AMD Lisbon Opteron 4100 CPUs and FireStream GPUs Launch for Servers
AMD gets more aggressive in the server market
Over the past 6 months or so we have seen AMD's server strategy for the next few years come to fruition starting with the release of the Opteron 6000 series of processors that featured both 8-core and 12-core units configured for the traditional high end server space. Usually consisting of two and four socket machines, the Opteron 6000 parts were met with quite a bit of criticism being the first to a 12-core offering though they were usurped by much more expensive Intel Xeon processors not long after.
After meeting with AMD in their Austin offices early in the spring it became apparent to me that while AMD was taking that market very seriously and still has ambitions to dominate in that field, the real target was becoming apparent: the mid-range 1-2P servers that dominate the landscape in volume. AMD claims that this market consists of buyers looking to expand on the cloud infrastructure that is dominating the news headlines today as well as the small-and-medium businesses (SMB) that are once again growing across the world.
To that end, AMD has tailored the new Opteron 4100 series to fit the niche nicely.
The Opteron 4100 series processors - Lisbon
The Lisbon core is a die built from the ground up to be the most power efficient and power-per-core efficient CPU available. Cloud server infrastructures, and many of the SMB customers that AMD is looking at selling to, have diverse server needs that might differ from what you imagine servers to do.
AMD puts it like this: cloud servers tend to operate at 10-20% of their top performance capacity at any given time and only need to be able to "spike" CPU performance at specific instances. To design a CPU that could do both (have fantastic power efficiency and the best performance available) would mean you would have to sacrifice on both ends of the scale. Instead, AMD is clearly targeting power efficiency with "good enough" top level performance in order to address the largest possible server segments available, all without removing scalability or key features.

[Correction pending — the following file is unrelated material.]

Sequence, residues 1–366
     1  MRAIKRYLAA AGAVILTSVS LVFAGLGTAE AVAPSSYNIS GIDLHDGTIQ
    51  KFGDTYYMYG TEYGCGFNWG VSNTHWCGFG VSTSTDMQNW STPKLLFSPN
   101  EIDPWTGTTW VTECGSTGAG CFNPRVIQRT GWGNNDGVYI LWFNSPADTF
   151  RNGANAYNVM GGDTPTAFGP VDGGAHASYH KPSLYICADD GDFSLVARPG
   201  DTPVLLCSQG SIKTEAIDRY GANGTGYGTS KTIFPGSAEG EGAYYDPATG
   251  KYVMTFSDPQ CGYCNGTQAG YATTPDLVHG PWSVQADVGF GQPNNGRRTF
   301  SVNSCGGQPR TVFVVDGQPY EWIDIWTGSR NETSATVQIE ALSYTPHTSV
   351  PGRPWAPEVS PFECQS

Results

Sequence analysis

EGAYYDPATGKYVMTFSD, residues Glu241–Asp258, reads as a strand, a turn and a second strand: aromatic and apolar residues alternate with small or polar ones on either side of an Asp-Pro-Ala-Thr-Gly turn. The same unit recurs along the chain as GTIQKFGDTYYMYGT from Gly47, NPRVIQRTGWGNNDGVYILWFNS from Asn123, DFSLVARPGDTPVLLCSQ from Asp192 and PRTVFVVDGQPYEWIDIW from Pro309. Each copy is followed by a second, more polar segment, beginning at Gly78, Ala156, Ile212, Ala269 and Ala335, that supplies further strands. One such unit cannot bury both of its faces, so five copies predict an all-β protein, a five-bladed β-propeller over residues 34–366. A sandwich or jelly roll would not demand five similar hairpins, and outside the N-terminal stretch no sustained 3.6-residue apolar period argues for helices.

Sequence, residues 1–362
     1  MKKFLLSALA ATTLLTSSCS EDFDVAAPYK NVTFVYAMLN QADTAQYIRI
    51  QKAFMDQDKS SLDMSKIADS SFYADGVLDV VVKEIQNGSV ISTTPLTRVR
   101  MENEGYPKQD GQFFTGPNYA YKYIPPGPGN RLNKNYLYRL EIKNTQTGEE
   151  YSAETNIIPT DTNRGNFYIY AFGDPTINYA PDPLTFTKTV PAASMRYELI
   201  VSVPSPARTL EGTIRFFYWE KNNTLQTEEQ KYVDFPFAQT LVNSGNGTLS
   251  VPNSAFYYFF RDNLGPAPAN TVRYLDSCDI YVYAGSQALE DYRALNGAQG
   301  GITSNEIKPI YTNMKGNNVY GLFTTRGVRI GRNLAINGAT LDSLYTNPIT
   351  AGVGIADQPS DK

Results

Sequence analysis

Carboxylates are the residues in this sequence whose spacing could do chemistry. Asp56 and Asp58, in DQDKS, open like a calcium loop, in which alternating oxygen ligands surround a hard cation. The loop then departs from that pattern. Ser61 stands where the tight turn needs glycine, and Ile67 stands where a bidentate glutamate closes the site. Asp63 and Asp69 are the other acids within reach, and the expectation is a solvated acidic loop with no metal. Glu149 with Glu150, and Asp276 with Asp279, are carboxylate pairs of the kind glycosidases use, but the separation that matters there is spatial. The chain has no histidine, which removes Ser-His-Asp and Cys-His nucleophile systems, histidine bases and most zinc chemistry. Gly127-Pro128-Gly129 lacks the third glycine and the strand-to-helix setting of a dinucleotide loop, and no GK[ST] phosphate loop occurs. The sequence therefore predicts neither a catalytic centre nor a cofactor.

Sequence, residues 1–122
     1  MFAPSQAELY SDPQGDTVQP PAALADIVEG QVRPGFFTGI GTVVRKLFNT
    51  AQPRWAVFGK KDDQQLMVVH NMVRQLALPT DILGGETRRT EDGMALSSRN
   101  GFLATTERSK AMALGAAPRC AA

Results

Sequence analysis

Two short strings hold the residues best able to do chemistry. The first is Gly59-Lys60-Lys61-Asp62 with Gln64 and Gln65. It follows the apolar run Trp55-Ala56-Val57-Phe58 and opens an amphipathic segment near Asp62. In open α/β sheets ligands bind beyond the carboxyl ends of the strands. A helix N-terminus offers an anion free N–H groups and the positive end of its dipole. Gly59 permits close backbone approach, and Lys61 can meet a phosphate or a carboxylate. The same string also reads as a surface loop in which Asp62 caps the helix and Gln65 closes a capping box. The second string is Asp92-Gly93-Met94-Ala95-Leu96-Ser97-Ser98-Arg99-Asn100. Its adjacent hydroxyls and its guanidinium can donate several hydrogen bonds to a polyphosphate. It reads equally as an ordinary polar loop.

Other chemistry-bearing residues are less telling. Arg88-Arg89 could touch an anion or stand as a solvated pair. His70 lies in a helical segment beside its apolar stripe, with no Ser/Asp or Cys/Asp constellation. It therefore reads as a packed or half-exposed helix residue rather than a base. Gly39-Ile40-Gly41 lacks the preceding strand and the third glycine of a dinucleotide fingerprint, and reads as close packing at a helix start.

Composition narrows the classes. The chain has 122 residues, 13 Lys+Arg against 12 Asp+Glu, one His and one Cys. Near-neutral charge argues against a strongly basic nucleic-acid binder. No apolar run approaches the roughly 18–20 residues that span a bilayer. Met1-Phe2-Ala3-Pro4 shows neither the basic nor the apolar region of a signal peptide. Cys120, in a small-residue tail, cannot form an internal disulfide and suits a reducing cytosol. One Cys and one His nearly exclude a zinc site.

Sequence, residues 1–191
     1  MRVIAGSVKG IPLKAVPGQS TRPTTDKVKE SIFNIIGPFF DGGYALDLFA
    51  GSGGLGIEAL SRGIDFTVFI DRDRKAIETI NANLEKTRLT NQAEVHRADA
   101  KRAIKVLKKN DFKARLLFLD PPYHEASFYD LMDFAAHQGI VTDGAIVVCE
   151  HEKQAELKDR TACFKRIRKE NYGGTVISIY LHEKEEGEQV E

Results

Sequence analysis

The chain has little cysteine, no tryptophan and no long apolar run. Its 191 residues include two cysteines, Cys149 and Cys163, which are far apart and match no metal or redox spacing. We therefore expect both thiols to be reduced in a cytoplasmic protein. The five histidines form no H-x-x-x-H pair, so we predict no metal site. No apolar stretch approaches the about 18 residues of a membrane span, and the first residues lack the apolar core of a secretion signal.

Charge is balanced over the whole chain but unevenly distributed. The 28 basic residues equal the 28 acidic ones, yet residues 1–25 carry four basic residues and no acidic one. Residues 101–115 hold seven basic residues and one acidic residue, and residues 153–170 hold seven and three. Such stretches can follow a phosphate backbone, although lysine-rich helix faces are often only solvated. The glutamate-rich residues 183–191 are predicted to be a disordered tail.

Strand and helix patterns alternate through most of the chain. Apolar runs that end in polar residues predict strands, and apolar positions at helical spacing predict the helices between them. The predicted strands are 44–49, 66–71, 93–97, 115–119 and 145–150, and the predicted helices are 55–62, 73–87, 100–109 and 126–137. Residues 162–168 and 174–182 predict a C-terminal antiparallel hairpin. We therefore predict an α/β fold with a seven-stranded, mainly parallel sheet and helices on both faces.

With the targeting of the cloud computing infrastructure and the dramatic lowering of prices on the Opteron 4100 series, AMD is making a bold move against the largest segment of the server market. By under cutting Intel so drastically on pricing AMD is obviously will to sacrifice short term profits for long term market share and mind share of customers. Obviously the processor teams at AMD are getting some advice from the graphics division acquired during the ATI merger and I think this is the right move to make based on the technology available today.
AMD definitely needs the Opteron 4100-series to be a success in a big
way - the pricing scheme they have worked up demands high volume. We
have not yet seen design wins from AMD or its partners on this front and
that is somewhat disheartening. AMD claims that any potential "cloud"
customers they have with custom built designs have to remain a secret so
we may never know who is or isn't interested in AMD's new line of
Opteron parts. I assume that we will eventually get basic information
as quarterly earnings calls commence but for now we wait.